There was an almighty tingling sound as I pushed in through the shop's door, the tinkle amplified by the absolute absence of any soul in the room. I wondered whether the shop was closed and I had somehow gained the super power of walking through locked doors when a chirpy sound called from my left, "Hello! How may I help you?"
I turned left and was greeted by a very pretty face surrounded by curly hair. She, the storekeeper, was beaming but the smile seemed forced, conditioned even, and her eyes expressed a deep desire for an afternoon slumber. I walked briskly towards her desk, hoping to put her out of her misery quickly. At the desk I put forth my request,
"Er, I don't know if you have many of those but could I get a, er, a Sorry card?"
My embarrassment and discomfort were blatantly visible and her sudden judgemental look didn't help either. Regaining her composure and her smile she said, "Of course! We do have Sorry cards. You'd be surprised to see our collection."
"If you could just point to where they are..." I said. She raised her head and quickly surveyed the shop before replying, " We don't have many customers right now, I'll just lead you there."
I had feared this. It had taken a lot to convince myself to be the bigger person and take the first step towards reconciliation but I surely didn't want others to witness my guilt, folly and submission. How would this pretty girl react when she sees me picking out the particular card that I had come for? It doesn't matter, I consoled myself.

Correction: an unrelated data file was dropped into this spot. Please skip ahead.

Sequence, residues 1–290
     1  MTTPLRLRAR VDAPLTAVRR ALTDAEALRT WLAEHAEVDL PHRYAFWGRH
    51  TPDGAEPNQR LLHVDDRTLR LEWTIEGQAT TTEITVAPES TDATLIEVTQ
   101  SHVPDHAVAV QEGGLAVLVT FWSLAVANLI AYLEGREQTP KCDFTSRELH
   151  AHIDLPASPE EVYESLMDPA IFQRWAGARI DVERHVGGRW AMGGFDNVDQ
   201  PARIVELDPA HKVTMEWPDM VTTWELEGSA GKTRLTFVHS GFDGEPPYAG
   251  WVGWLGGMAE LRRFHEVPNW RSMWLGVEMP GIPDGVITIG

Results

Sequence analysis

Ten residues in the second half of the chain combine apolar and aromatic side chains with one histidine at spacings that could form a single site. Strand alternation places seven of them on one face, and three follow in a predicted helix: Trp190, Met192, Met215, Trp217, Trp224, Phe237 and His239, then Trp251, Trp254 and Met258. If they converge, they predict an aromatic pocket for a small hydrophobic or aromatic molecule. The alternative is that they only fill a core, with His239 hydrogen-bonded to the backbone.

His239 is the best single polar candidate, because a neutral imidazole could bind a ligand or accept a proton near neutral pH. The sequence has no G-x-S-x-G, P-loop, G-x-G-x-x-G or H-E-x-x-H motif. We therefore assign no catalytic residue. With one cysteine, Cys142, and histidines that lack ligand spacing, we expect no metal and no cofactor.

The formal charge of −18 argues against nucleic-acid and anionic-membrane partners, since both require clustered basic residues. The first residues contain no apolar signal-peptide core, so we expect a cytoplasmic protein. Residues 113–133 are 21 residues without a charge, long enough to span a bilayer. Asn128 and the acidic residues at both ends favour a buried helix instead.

Walking behind her towards the multitude of aisles I took in the surroundings. The card shop did look peculiar when it was so empty. It was a blast of colour, though more vulgar than inviting. And the silence too was eerie, absolutely unbecoming of a place that should be brimming with giggles and sniggers. Somehow I was forced to think of my purpose in being there and whether this may bring back the giggles and smiles where silence had begin to reign. Now we moved in an aisle with the two towers of cards on both my sides looking down upon us like big gaudy monsters. I wished that Sorry cards would soon make an appearance. As soon as I had thought this the shopkeeper stopped abruptly and I, too busy staring at the cards, walked right into her.
"I am so sorry," we both said together and started laughing. Perhaps it was awkwardness on her part and anxiety on mine. To defuse the tension, I asked, " Not many customers today, off season or something?"
She smiled and said, "I don't know. I don't work here, see, I'm just filling in for a friend so..." She said this as if she was embarrassed to have been found in such a situation. I wondered why. I was beginning to say something even more unimportant when she cut me off, " Here are the Sorry cards, by the way! Which category are you interested in?"
I glanced at where she was indicating and was left flabbergasted by the mind-boggling variety on display. There were cards there for apologising to almost everyone a person could know or not know, for that matter. Sorry cards for parents, siblings, partners, friends, colleagues, and even third cousins. Who in the world knows their third cousins well enough to offend them? And then there was much to be said about the card company's strategy, cashing in on what humans do best, that is, make mistakes and then run after paltry ways to amend them. I snorted derisively.